region mainly over the last 50 years (1971–2022). All samples were collected mainly by
V.T. Kuznetsova (1965–1997), N.Yu. Panteleeva (1976–1988), M.N. Tsurikov (1995–2017),
S.G. Mazurov (since 2006), Ya.A. Urbanus (since 2000), A.A. Prokin (since 1998), D.I.
Pereverzev (2000–2008). All reliable published information from the territory of the Li-
petsk region is also summarized. The main part of the samples is kept in the collection of
the state reserve “Galichya Gora”, as well as in the personal collections of A.A. Prokin,
Diversity 2022, 14, 825 7 of 9
Ya.A. Urbanus, S.G. Mazurov. Parts of the collections were transferred to a number of
scientific centers of Russia and the Czech Republic.
In the course of the research, traditional and diverse methods were used: manual
collection, searching under the bark of trees and stumps, sifting litter and dust in the
spring, soil samples, the use of air, migration and soil traps, light fishing, catching flying
individuals, mowing with an entomological net, splashing and trampling on the shores of
reservoirs, collecting in rotting substrates, in places of shelters and wintering, etc. [47].
The research was carried out in all districts of the region, about 300 geographical locations
were surveyed.
The classification of the family–group taxa used predominantly follows Cai et al. [48]
and McKenna et al. [49]. The lists of species were verified according to the Catalogue of
Palaearctic Coleoptera [50–58], to Robertson et al. [59], and to Alonso-Zarazaga et al. [60].
The years of description of some beetle species are specified according to Bousquet [61].
Author Contributions: Conceptualization, S.G.M.; methodology, S.G.M.; software, A.B.R. and
O.N.A.; validation, S.G.M. and L.V.E.; formal analysis, S.G.M. and O.N.A.; investigation, S.G.M.;
resources, A.B.R.; data curation, A.B.R. and L.V.E.; writing—original draft preparation, S.G.M. and
A.B.R.; writing—review and editing, L.V.E.; visualization, S.G.M.; supervision, S.G.M.; project ad-
ministration, S.G.M.; funding acquisition, A.B.R. All authors have read and agreed to the published
version of the manuscript.
Funding: This research was funded by Russian Science Foundation, grant number 22-14-00026.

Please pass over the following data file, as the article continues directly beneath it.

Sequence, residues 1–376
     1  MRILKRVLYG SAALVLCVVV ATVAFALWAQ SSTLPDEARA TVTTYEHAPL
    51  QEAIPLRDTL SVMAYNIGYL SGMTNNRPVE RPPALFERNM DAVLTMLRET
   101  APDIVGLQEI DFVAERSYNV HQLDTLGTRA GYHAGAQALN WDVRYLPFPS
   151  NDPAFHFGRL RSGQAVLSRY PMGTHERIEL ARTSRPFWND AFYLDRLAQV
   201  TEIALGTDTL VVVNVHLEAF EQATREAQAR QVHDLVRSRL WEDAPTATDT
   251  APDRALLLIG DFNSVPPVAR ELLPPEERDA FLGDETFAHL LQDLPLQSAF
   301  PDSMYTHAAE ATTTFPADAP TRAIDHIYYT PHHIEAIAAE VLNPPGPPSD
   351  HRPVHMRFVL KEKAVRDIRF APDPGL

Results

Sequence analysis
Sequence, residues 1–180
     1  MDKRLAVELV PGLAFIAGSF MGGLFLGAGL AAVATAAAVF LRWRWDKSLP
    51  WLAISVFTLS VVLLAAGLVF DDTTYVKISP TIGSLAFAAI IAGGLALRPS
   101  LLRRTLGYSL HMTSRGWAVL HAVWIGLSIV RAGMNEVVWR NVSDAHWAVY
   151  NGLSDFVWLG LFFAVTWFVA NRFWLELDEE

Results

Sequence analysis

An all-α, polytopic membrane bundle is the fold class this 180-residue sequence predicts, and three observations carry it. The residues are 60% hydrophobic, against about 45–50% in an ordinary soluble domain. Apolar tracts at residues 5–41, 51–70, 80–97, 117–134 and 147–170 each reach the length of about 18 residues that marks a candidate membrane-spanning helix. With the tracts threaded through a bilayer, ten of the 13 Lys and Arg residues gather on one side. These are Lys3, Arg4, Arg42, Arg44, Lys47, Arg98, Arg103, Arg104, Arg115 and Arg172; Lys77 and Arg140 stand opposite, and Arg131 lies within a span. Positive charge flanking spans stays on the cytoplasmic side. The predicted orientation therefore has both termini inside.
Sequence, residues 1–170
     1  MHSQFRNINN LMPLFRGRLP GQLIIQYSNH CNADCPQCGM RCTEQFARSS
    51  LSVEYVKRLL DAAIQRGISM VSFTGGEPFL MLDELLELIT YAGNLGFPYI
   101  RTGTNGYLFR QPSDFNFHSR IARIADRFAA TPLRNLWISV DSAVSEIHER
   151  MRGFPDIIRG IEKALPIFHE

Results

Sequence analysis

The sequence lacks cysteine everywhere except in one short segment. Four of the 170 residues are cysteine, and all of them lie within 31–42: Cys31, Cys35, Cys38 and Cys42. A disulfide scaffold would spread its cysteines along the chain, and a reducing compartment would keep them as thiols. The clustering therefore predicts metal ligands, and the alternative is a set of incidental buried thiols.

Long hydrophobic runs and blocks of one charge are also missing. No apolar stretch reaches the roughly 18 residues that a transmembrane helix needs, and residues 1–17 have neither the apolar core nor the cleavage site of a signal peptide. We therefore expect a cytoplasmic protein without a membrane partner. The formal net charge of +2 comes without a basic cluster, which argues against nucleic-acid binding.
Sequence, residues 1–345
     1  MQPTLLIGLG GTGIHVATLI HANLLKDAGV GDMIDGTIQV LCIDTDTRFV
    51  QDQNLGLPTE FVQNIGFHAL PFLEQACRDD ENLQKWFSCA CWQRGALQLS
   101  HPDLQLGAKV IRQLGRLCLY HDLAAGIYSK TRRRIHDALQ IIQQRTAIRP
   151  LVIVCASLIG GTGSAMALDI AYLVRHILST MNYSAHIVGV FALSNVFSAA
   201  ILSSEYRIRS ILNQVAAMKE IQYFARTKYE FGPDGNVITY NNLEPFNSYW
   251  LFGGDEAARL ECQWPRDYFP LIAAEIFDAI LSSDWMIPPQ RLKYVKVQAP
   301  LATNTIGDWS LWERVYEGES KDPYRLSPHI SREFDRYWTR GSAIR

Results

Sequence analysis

Institutional Review Board Statement: Not applicable.
Data Availability Statement: Not applicable.
Conflicts of Interest: The authors declare no conflict of interest.
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There are few studies on the vertical distribution and seasonal activity of arthropods in open habitats (in glades) in temperate forests due to methodological problems associated with the arrangement of certain structures for trapping. However, glades in forests are places of significant biodiversity of native animals, which are attracted to such areas by the possibilities of nutrition, reproduction, and wintering. The research was carried out on the territory of the Republic of Mordovia (the center of the European part of Russia). Fermental traps (bait—fermenting beer with sugar) were used to collect Coleoptera. They were installed on a special structure at heights of 2, 4, 6, 8, and 10 m. The collections were carried out from May to October 2020 in a glade with an area of 0.93 hectares in a deciduous forest. At the end of the research, 745 specimens of 80 species were registered from 30 Coleoptera families. The greatest species diversity was recorded in Nitidulidae (11 species), Cerambycidae (10 species), Scarabaeidae (7 species), Elateridae, Coccinellidae, and Curculionidae (5 species each). The greatest species diversity (53 species) and numerical abundance were obtained at a height of 2 m, and the smallest one (16 species) at a height of 10 m. The largest differences in the Jaccard similarity index were obtained between samples from a height of 2 and 10 m. The maximum values of the Shannon index and the minimum values of the Simpson index were recorded at the height of 2 m. The most significant relative number of saproxylic species was obtained at a height of 4 m. The relative number of anthophilic species was minimal at a height of 10 m. The seasonal dynamics of Coleoptera abundance were the same at different heights and the highest abundance was observed in late May and early June. However, the seasonal dynamics were different for some Coleoptera species in the glade located and inside the forest. Our data confirm the relevance of sampling in open biotopes at different heights in the study of arthropod biodiversity.